The sideloading debate is really about Chrome. Sideloading Fortnite is about money, but sideloaded Chrome is an existential risk, threatening to do to iOS what it has done to Windows and Mac.

Peter Ammon:

So many users live in Chrome and use nothing else. You may think that development is good or bad, but it’s obviously undesirable from Apple’s perspective, since it gives Google extra leverage over Apple’s products.

If your users live in Chrome, then you are at Google’s mercy. You are dependent on Google to make any changes. Apple can add features like Do Not Disturb, but they’re borderline useless if Chrome doesn’t use native notifications, which for many years they did not.

It’s hard to find examples on the Mac side. But on iOS, it would be bad (from Apple’s perspective) if features like Face/TouchID web auth, Apple Pay, Pencil, iPad trackpad, etc. required Chrome support before any users saw them. That’s the existential risk to Apple.

Jen Simmons, Apple Evangelist:

Gosh. Catching up with tech Twitter this morning and there seems to be an angry pocket of men who really want Safari to just go away.

Do we really want to live in a 95% Chromium browser world? That would be a horrible future for the web. We need more voices, not fewer.

Ironically, Apple believes that the way to ensure this is by only allowing one voice on iOS. In the short term, that probably is slowing the advance of Chrome, albeit by preventing Apple’s customers from accessing certain sites and features. But this is depressing as a long-term strategy.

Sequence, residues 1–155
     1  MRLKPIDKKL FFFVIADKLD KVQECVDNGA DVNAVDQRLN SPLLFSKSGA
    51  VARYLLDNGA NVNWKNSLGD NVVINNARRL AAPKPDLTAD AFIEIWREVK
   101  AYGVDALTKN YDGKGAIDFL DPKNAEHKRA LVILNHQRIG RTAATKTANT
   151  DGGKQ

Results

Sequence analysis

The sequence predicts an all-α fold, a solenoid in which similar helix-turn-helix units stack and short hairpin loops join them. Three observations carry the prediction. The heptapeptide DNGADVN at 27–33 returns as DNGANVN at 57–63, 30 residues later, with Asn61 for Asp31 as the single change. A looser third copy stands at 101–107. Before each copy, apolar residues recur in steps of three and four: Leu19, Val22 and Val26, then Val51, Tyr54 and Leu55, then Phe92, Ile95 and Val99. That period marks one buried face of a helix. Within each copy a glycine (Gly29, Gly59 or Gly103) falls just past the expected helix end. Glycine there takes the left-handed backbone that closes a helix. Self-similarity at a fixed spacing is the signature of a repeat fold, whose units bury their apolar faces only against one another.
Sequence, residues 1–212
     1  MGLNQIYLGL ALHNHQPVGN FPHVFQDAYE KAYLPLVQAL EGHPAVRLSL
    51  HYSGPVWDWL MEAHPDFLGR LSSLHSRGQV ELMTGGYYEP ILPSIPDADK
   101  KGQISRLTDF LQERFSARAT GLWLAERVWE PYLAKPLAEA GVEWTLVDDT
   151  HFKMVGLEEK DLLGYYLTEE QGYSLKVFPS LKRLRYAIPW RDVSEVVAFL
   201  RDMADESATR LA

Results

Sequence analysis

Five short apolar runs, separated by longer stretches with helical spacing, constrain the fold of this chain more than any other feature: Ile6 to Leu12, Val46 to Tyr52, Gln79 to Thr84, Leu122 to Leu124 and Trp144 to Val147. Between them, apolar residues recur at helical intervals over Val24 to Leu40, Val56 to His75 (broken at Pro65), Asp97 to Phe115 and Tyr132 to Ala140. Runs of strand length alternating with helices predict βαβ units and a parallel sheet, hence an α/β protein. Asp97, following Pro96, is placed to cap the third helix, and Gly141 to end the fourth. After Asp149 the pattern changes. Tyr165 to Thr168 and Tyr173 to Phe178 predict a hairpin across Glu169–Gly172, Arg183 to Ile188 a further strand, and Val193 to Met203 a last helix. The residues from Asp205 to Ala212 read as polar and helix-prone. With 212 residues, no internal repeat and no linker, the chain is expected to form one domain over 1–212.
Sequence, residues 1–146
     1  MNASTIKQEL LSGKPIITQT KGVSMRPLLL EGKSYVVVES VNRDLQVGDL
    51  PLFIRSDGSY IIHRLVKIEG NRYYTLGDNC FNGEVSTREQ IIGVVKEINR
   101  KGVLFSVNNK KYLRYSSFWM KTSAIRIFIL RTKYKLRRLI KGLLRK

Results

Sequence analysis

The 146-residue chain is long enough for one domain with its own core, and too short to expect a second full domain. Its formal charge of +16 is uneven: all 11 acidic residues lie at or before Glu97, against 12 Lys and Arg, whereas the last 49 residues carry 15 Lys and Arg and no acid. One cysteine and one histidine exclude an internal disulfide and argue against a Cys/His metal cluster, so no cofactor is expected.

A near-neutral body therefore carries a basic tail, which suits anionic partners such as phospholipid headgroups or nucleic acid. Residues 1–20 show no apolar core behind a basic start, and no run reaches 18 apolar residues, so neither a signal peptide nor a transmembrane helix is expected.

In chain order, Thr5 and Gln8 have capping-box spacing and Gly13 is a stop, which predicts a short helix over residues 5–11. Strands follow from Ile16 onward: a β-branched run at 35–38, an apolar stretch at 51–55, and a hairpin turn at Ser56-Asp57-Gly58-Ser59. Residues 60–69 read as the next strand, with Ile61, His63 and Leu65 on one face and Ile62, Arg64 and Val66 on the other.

Safari should not merely be good enough to keep iOS users from abandoning the platform in order to switch browsers. It should be good enough that Apple doesn’t fear Chromium browsers taking over if users were allowed to choose. Exclusive features help, but they alone are not the answer. Users and developers both need better compatibility with the Web as it is, not as Apple wishes it were. I prefer Safari, but I can’t always use it. If macOS restricted browsers the way iOS does, I would have to get a PC or run an emulator or something.

Similar logic applies to the debate around Web apps vs. native apps on the desktop. The way to avoid a monoculture and get more native apps is not to ban Web apps. It’s to make it so that native apps can do more and work better, so that developing, distributing, and selling them is easier—so that users and developers choose them.